Asia’s healthcare evolution

Asia’s healthcare evolution

Investment in universal health coverage can boost  GDP by up to 4%, which means that in Asia, health expenditure is money well spent

By Woochong Um, director-general, Asian Development Bank’s Sustainable Development and Climate Change Departments


In the last 50 years, the Asia Pacific region has made tremendous strides in poverty reduction, economic growth and better health outcomes. Life expectancy is increasing and infant and maternal mortality is declining in many countries. The quality of health systems is improving, and health insurance coverage is gaining traction.

However, much work remains to be done to ensure everyone in the region has access to essential healthcare services. The increasing prevalence of non-communicable diseases such as diabetes, hypertension, cancer and mental illnesses – combined with increasingly open borders, rapid ageing, urbanisation, income inequality and climate change – is breeding a host of new health system threats that have not been fully addressed.

With many antibiotic and antiviral drugs becoming ineffective against infections due to anti-microbial resistance, and with other health security threats creeping up on Asia in recent years, the risk of new outbreaks similar to the severe acute respiratory syndrome and avian influenza outbreaks is increasing.

Moreover, adequate health care to safeguard against these threats remains expensive for many people in developing Asia. Out-of-pocket spending still accounts for nearly half of total health expenditures in lower-middle- and low-income countries in the region. Health financing and service delivery systems need further reform to withstand the strains placed  on them by ageing populations and the rising tide of NCDs.

Combating these vulnerabilities requires difficult political decisions implemented through joint actions by finance and health ministries. However, governments are not spending enough on health systems, with average domestic general public health expenditure as a percentage of gross domestic product at 2.7% for the Asian Development Bank’s developing member countries in East Asia, Southeast Asia and the Pacific, and 0.9% for member countries in South Asia. This compares to the average 10% share of the members of the Organisation for Economic Co-operation and Development.

Action on investment

Helping countries make and persevere with these difficult choices is an increasingly important part of ADB’s role. Under Strategy 2030: Achieving a Prosperous, Inclusive, Resilient Sustainable Asia and the Pacific, ADB’s first operational priority includes supporting countries to enhance their human capital and the health, education and social protection of their people. ADB commits to help countries invest in health, maximise the health benefits of transport, urban, energy and other non-health sector interventions, and pursue universal health coverage.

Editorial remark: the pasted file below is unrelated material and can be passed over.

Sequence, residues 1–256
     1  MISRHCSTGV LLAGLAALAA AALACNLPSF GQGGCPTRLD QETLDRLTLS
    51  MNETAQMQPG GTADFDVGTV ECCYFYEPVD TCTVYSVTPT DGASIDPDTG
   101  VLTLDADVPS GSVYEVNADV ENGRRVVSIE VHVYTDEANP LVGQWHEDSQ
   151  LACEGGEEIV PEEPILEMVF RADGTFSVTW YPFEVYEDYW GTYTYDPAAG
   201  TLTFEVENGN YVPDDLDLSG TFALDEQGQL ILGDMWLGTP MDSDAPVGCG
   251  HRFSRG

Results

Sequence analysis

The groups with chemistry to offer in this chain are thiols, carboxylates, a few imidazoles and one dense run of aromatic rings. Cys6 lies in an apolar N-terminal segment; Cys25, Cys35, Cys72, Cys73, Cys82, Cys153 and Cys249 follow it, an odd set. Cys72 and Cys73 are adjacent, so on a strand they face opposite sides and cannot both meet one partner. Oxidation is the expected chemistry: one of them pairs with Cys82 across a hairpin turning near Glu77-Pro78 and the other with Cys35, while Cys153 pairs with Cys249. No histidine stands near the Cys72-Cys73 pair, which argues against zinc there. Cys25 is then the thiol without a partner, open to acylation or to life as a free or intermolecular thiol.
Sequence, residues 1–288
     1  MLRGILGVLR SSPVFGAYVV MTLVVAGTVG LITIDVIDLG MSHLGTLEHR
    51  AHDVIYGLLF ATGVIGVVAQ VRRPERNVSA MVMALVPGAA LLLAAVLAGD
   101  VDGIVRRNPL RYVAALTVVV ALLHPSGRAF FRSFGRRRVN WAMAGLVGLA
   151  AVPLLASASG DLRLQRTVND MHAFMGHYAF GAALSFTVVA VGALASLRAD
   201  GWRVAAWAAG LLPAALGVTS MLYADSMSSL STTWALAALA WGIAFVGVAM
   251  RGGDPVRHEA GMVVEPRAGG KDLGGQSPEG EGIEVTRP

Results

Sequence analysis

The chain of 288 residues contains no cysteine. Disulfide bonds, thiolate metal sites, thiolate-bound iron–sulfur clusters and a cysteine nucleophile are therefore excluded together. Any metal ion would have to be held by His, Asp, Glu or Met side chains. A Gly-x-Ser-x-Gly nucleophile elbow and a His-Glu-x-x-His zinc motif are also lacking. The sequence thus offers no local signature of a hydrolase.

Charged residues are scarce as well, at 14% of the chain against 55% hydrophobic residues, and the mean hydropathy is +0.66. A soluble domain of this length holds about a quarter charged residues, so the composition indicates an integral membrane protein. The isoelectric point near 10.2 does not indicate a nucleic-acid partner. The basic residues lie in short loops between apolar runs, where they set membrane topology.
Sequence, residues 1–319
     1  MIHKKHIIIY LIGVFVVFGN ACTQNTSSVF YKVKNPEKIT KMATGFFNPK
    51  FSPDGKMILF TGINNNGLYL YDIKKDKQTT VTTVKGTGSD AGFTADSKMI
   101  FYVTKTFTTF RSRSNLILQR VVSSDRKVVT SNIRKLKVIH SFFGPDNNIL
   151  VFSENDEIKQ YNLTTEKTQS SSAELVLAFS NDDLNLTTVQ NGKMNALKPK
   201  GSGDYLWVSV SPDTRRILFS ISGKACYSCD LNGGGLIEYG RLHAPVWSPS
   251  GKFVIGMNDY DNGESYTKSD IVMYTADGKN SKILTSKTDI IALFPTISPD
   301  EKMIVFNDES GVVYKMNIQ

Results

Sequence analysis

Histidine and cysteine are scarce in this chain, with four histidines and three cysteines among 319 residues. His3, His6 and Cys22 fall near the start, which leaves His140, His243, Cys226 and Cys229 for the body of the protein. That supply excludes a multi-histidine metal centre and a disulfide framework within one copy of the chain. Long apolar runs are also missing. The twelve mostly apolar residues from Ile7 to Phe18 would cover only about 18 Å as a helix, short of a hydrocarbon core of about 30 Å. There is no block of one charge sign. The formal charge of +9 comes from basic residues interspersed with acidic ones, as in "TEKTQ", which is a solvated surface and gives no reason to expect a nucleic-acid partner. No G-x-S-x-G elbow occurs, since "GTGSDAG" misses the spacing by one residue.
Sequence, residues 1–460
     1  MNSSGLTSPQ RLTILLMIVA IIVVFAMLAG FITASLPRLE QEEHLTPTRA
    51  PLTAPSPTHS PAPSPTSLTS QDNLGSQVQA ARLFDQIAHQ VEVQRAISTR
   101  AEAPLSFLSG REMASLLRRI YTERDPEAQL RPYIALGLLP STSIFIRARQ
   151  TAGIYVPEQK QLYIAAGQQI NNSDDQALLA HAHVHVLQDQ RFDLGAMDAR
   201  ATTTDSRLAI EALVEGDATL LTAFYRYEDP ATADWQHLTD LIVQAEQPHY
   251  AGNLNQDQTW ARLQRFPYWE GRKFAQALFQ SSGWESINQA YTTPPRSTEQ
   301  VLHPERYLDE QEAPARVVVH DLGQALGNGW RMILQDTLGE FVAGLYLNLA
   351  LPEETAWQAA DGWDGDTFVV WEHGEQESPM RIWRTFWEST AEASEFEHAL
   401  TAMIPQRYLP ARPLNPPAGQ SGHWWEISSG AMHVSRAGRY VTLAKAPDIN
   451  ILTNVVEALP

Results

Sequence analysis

It is a lofty ambition: the aim of universal health coverage is to ensure that everyone has access to quality essential healthcare services without financial hardship.

ADB has a strong track record in promoting better health in the region. We support efforts to strengthen urban health service delivery in Bangladesh and India, the upgrading of hospitals and health facilities in Papua New Guinea, Tajikistan and Uzbekistan, and the introduction of new vaccines in Pacific countries. Other ADB operations support health financing reforms that are expanding health insurance coverage in Laos and Mongolia, and the coverage of essential medicines in Bhutan.

In China and Vietnam, we are helping improve the quality of elderly care and primary care health workers.
As funding universal health coverage is a major hurdle for many developing countries, ADB is focused on providing predictable and substantial long-term financing. Another priority is to help member countries build knowledge and capacities, mobilise partnerships and leverage health benefits from cross-sectoral projects.

Under its G20 presidency, Japan’s priority for universal health coverage is to help countries focus on sustainable health financing and highlight the importance of collaboration between the ministries of health and finance, exemplified by the G20 joint ministerial meeting on the sidelines of the G20 Summit in Osaka in June. It is creating a valuable opportunity to inform and expand region-wide and country-level policy dialogues on this important challenge.

It is a chance to highlight how G20 members have reaped socio-economic benefits from sustained government investment in health. Investments in better health outcomes contribute to improved productivity and educational performance and sustained inclusive economic growth. The World Health Organization estimates that low- and middle-income countries can achieve additional GDP growth of at least 2% to 4% when they invest in universal health coverage.

Clearly, investing in health is money well spent. But obtaining the required levels of investment will not be easy. Success requires strong political commitment, as well as collaboration among multiple stakeholders including governments, domestic agencies within countries, physicians and other healthcare providers, the private sector, civil society and international development organisations.

It is decision time on health for countries in Asia and the Pacific. By committing to universal health coverage, the region can ensure its tremendous economic progress is matched by the robust good health of its people and communities.